[¶6] The district court had jurisdiction under N.D. Const. art. VI, § 8, and N.D.C.C. § 27-05-06. The appeal was timely under N.D.R.App.P. 4(a). This Court has jurisdiction under N.D. Const. art. VI, § 6, and N.D.C.C. §§ 28-27-01 and 28-27-02.
[¶7] On appeal, Sweeney asserts the trial court erred in refusing to award him attorney fees against Lynch under N.D.C.C. §§ 14-09-06.5 and 14-09-24. On appeal, this Court will not overturn a trial court's decision regarding attorney fees unless the appellant affirmatively establishes the trial court abused its discretion. See Hendrickson v. Hendrickson, 1999 ND 37, ¶ 14, 590 N.W.2d 220. The court's underlying findings of fact will be upheld unless clearly erroneous under N.D.R.Civ.P. 52(a). In re Estate of Gleeson, 2002 ND 211, ¶ 21, 655 N.W.2d 69.
[¶8] Section 14-09-06.5, N.D.C.C., provides:
Allegation of harm to child—Effect. If the court finds that an allegation of harm to a child by one parent against the other is false and not made in good faith, the court shall order the parent making the false allegation to pay court costs and reasonable attorney's fees incurred by the other parent in responding to the allegation.Under this statute, when the court finds a parent has made allegations that the other parent has caused harm to a child and those allegations were not made in good faith, the court must order the parent making the false allegations to pay court costs and reasonable attorney fees incurred by the other parent in responding to the allegations. Sweeney, 2002 ND 206, ¶ 18, 654 N.W.2d 407.
[¶9] On March 28, 2001, the trial court made the following findings relevant to this issue:
As to these new allegations raised by Danni with this Court that David may have sexually abused [the child], the evidence presented by Danni was that one time David and [the child] took a shower together where during said shower, [the child] did out of curiosity touch David's penis, which event was recounted by David to Danni. The Court finds that such event does not establish any sexual abuse by David of [the child], and accordingly, this Court finds David has not at any time committed any sexual abuse involving [the child].
. . . .
Danni was the person who made allegations . . . that David had engaged in sexually inappropriate conduct and mental harm involving [the child], all of which did contribute to the increased expenses and protracted nature of this litigation.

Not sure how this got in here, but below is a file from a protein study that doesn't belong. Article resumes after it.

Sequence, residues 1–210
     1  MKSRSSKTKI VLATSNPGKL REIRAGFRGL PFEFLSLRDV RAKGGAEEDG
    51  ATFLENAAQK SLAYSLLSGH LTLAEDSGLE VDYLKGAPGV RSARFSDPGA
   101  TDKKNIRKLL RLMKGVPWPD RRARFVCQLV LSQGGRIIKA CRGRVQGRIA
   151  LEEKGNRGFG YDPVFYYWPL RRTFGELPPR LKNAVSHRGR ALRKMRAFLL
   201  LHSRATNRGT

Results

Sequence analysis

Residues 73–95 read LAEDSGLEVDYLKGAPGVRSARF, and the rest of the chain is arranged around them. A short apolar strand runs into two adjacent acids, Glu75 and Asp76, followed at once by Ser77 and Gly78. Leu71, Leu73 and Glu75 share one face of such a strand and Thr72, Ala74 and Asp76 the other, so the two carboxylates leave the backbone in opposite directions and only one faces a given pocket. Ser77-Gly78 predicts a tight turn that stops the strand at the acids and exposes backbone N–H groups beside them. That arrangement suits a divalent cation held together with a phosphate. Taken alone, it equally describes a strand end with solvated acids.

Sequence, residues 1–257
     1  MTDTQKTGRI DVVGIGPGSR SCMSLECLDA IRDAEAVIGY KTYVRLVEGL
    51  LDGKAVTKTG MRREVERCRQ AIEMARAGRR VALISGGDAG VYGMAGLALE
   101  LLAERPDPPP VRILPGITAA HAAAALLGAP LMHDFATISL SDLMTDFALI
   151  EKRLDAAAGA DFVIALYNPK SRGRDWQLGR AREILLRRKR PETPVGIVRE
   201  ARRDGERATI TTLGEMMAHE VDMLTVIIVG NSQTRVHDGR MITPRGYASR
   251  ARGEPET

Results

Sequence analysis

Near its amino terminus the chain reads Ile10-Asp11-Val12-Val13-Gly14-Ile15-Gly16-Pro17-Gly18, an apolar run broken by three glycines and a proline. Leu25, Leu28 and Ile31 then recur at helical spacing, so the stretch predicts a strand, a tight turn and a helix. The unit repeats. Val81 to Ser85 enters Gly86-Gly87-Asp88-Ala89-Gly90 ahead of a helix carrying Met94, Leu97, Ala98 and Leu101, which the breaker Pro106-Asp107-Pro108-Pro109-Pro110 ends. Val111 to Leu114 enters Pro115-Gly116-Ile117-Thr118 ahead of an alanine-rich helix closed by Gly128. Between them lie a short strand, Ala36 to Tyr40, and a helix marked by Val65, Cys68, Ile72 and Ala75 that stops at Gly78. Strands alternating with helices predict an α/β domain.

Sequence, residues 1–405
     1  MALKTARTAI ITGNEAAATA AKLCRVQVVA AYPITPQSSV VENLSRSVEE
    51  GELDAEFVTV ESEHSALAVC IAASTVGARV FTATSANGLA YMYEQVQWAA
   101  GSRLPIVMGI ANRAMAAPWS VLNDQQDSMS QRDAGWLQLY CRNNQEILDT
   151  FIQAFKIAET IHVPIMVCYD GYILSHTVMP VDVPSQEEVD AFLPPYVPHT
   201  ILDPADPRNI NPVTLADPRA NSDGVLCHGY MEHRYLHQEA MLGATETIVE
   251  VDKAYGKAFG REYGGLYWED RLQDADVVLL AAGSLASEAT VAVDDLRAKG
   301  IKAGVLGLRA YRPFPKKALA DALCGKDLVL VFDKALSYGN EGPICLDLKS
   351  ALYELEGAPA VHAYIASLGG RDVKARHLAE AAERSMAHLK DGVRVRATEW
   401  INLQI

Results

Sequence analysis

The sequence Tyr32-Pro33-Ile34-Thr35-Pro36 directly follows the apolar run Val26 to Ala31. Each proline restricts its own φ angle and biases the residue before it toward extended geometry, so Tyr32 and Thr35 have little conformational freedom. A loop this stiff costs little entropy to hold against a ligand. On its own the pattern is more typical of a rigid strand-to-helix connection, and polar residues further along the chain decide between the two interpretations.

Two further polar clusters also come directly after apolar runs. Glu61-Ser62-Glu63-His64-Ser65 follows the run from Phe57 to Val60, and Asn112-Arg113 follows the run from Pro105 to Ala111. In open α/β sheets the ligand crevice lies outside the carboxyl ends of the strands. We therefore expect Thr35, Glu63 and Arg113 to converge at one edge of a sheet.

[¶10] In its order upon remand, the trial court made the following finding relevant to this issue:
[A] review of the voluminous files do not set forth significant reference to allegations of harm to [the child] by David Sweeney. To this Court, that question was and is a non-issue. Notwithstanding some general reference by the Court in prior orders to the contrary, I specifically find that no "allegation of harm to the child by one parent against the other" was made as contemplated by NDCC 14-09-06.5.
[¶11] Lynch alleged Sweeney harmed their child by allowing the young boy to touch his father's privates while the two of them were taking a shower together. The court found the conduct did occur but did not constitute sexual abuse or harm to the child. In making its subsequent finding that there was no trigger for the award of costs and attorney fees under N.D.C.C. § 14-09-06.5, the court implicitly found that the allegation was made in good faith. Under N.D.R.Civ.P. 52(a), this Court will not reverse a trial court's finding of fact unless it is clearly erroneous. Hogan v. Hogan, 2003 ND 105, ¶ 6, 665 N.W.2d 672. A finding of fact is clearly erroneous if it is induced by an erroneous view of the law, if there is no evidence to support it, or if, after review of the evidence, this Court has a definite and firm conviction a mistake has been made. Id. Because an incident of sexual nature did occur, we conclude the trial court's finding that Lynch's allegation of abuse was made in good faith is not clearly erroneous. We further conclude, therefore, the trial court did not abuse its discretion in refusing to award attorney fees under N.D.C.C. § 14-09-06.5.